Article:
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Biotechnology is Proving to Be Big Business

Biotechnology is Proving to Be Big Business

From protecting the planet to battling COVID-19, biotechnology not only seems to be offering solutions but is also proving to be big business.

According to a new report by Grand View Research, Inc, by 2028, biotech processes are expected to account for a global market size of US$2.44 trillion. Expansion is expected to take place at a Compound annual growth rate (CAGR) of 15.83% due to a market driven by a demand for new solutions to combat the pandemic and protect the planet, the report suggests.

Dr Kirsty Culley, Associate Director, Science Engagement Norwich Research Park, a UK-based world-leading life sciences research and development cluster, says biotech is simply “technology based on biology.”

“It can be defined as harnessing both cellular and biomolecular processes to develop products or systems that benefit humankind. Humans have been using biotechnology for thousands of years, with the earliest examples being the use of microorganisms to make cheese, yoghurt, bread, beer and wine, as well as the breeding of animals and crops. Today biotechnology is enabling us to find and develop solutions to some of the biggest challenges facing our planet.” 

Often categorized by color: white for industrial, green for agricultural, blue for marine and freshwater and red for healthcare and medical, biotechnology is pan-industrial, says Dr Culley:

“Biotechnology enables scientists and businesses to spearhead innovation and find solutions to huge global issues such as feeding an ever-growing population, antibiotic resistance, fighting pandemics and climate change. It offers versatile and powerful options for clean, or cleaner, tech, which allows minimising energy and material use and the generation of waste. Biotechnologies are being adopted increasingly by industry as it moves to become increasingly sustainable, but adoption takes time and resources.”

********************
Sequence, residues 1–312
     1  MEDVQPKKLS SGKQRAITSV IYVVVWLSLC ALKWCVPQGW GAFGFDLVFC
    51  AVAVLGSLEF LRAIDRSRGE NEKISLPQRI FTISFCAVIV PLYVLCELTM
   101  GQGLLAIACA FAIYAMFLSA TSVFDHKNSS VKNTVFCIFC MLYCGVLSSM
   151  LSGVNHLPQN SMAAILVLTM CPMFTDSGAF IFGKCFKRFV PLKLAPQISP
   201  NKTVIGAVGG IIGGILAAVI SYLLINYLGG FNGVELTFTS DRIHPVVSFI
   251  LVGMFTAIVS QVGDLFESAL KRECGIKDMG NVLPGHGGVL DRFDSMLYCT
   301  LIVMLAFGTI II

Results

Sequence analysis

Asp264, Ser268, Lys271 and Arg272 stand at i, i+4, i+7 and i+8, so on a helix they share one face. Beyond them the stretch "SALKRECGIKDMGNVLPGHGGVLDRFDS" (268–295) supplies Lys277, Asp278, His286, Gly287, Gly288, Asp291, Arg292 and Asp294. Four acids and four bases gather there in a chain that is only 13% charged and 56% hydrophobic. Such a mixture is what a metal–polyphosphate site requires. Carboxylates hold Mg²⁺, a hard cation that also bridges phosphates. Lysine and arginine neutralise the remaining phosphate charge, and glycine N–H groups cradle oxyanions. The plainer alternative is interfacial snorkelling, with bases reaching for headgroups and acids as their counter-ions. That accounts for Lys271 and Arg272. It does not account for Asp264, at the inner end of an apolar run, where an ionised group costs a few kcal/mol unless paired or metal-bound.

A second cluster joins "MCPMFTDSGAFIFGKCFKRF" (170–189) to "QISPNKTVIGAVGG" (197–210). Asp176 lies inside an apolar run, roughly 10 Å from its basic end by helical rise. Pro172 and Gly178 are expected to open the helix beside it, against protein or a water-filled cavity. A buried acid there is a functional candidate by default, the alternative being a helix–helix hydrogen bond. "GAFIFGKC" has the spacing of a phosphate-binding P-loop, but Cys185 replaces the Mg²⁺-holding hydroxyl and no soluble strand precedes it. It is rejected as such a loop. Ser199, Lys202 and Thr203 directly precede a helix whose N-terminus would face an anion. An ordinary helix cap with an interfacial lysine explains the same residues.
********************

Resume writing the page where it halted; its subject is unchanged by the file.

We selected a few examples of biotechnology applications in various industries.

Medical Applications

Credit: Iceni Diagnostics

Iceni Diagnostics is focused on the development of carbohydrate-based therapeutics and point-of-care diagnostics for infectious diseases. Its carbohydrate-based platform technology can be used to identify different strains of disease such as human influenza, avian flu and equine flu. According to Alexia Mlynarska, the company used its technology to develop a diagnostic test for COVID-19.

Also, hoping to make a difference in the pandemic is Canadian Biolyse Pharma Corp. The group developed a technology for the extraction of cancer drug Paclitaxel from yew trees that ensured the availability of the drug at a fair cost, explains John Fulton, Biolyse Spokesperson and Project partner.